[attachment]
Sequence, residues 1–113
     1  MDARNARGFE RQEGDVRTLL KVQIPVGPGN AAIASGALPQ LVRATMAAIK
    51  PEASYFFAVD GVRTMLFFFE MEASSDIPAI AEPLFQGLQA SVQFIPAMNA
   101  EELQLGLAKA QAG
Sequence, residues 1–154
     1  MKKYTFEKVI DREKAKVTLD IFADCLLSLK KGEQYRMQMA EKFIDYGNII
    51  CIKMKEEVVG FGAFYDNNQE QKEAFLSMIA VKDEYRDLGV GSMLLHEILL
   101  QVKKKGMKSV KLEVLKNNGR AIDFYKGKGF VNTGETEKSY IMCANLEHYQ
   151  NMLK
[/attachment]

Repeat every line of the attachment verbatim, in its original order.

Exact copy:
Sequence, residues 1–113
     1  MDARNARGFE RQEGDVRTLL KVQIPVGPGN AAIASGALPQ LVRATMAAIK
    51  PEASYFFAVD GVRTMLFFFE MEASSDIPAI AEPLFQGLQA SVQFIPAMNA
   101  EELQLGLAKA QAG
Sequence, residues 1–154
     1  MKKYTFEKVI DREKAKVTLD IFADCLLSLK KGEQYRMQMA EKFIDYGNII
    51  CIKMKEEVVG FGAFYDNNQE QKEAFLSMIA VKDEYRDLGV GSMLLHEILL
   101  QVKKKGMKSV KLEVLKNNGR AIDFYKGKGF VNTGETEKSY IMCANLEHYQ
   151  NMLK